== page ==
But what about the second lost? How could the Safety-II concept have a positive impact, instead of waiting for the accident investigation conclusions?
The crew operating the plane previous to the Lion Air crash had found the solution and saved this aircraft!
Spreading the news in an understandable form among the 737 Max could have been a game-changer and we had time to do it. The written form seems to have been insufficient and there are some reasons for that:
- The bulletins sent to pilots are usually very focused on technical explanations given by engineers, perfectly correct but sometimes hard to translate into practical information for the pilots ;
- The dynamic of the situation and the limited time available in case of such a failure are almost impossible to be understood from the classical written form approach.
Try to imagine if an animation of the flight, which had been saved on the day previous to the first loss, would have been created with a tool like CEFA AMS, and if this animation had been spread together with technical information among the 737 Max pilots…
The situation awareness could have been massively raised. By being able to see all implication on instruments like stick shaker, trim movement, pilots that would have studied such an animation would have been much better prepared and aware of the problem and consequences, the initial startle effect would have been much shorter and so, a correct reaction and manipulation could have been performed before theses 40 seconds are elapsed.
Safety-I is efficient in the long term, but it is time-consuming, as Safety-II is learning from good practice, it can be implemented very rapidly with the correct tools.
“The industry approach has to be adapted to these new possibilities… because such a double crash related to similar failures can and must definitely be avoided!”
How can Safety-II change and bring improvement compared to the classical Safety-I approach?
Have a look at the following picture, this graph represents the pilots’ reactions confronted to an event.
The zero on the base scale represents a nominal reaction (as expected from the airline/ manufacturer and regulator). As seen on the graph, most pilots react very close to the nominal demanded response as expected.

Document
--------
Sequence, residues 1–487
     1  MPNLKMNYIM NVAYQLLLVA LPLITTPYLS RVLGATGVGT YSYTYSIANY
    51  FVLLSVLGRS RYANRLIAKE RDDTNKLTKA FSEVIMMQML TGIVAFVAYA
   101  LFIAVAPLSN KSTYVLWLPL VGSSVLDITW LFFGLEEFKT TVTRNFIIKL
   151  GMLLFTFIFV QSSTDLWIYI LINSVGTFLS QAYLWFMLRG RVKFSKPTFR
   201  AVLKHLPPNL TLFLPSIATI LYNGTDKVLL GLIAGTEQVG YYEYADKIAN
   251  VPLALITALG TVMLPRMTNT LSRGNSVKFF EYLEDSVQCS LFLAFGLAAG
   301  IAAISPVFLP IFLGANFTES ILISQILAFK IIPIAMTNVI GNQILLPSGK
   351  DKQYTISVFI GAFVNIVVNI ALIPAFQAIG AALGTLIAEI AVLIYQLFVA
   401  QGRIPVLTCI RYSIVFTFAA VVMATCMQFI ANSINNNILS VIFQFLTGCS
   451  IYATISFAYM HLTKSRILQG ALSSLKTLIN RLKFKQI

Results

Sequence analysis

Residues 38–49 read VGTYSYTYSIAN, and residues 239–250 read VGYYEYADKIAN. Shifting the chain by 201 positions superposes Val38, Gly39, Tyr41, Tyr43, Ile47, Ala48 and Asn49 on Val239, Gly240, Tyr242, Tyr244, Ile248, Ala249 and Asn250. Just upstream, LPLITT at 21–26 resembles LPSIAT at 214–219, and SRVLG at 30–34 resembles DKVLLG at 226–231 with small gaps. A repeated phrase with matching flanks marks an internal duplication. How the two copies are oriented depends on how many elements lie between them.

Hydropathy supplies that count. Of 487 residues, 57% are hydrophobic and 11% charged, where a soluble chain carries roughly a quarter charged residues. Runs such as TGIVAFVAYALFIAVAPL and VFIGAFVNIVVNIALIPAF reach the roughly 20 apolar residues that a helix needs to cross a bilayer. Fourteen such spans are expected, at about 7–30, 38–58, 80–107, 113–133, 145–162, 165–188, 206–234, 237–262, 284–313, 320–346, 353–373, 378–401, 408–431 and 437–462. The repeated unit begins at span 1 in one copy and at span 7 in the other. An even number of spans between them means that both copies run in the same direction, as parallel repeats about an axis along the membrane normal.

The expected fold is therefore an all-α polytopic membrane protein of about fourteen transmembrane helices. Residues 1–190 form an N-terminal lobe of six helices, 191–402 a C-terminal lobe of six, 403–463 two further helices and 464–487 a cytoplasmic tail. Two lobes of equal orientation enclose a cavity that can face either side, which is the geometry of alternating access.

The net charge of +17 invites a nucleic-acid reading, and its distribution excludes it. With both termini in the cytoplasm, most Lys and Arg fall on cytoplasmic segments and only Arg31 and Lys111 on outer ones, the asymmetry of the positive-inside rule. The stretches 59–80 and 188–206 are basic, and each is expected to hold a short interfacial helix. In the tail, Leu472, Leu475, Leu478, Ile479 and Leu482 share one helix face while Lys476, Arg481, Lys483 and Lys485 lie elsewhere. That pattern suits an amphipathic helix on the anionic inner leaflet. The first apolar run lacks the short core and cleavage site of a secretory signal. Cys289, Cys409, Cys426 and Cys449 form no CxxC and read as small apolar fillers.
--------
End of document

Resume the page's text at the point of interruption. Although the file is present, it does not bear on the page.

A few pilots are massively overperforming, they are located on the far right of the scale. Here I think about Captain Sullenberger on the Hudson River or Captain de Crespigny of QF 92 in Singapore in his massively crippled A380…
Unfortunately, the ones at the far left side of the scale in the red zone have been massively underperforming.
The Safety-I approach has been focusing mainly on these underperforming crews.
The Safety-II approach is a much more holistic approach…
See the green square on the graph
The Safety-II approach looks if it is possible to use the whole envelope of reactions in order to learn out of positive or minor negative outcomes instead of only focusing on the massive sub-performers.
“By learning from all these outcomes, the resilience of the system can be improved and the model of the Swiss cheese becomes a little more complex.”
In this new approach, the main difference is that we do not consider an event as a single linear occurrence that needs to be stopped by filing a hole or adding a safety plate.
In the graph shown above, there are yellow stars between each plate. This is the place where the resilience of a crew can make a difference! The path of an event can be changed on multiple occasions during the propagation of a hazard. If the crew is in a position to change the course of the event by having it blocked by the next safety plate (represented by the green arrows), an unwanted outcome can be stopped (the orange arrow).
Now, what do you think? Share your personal thoughts in the comments below!
Find all the other blog articles gathered here.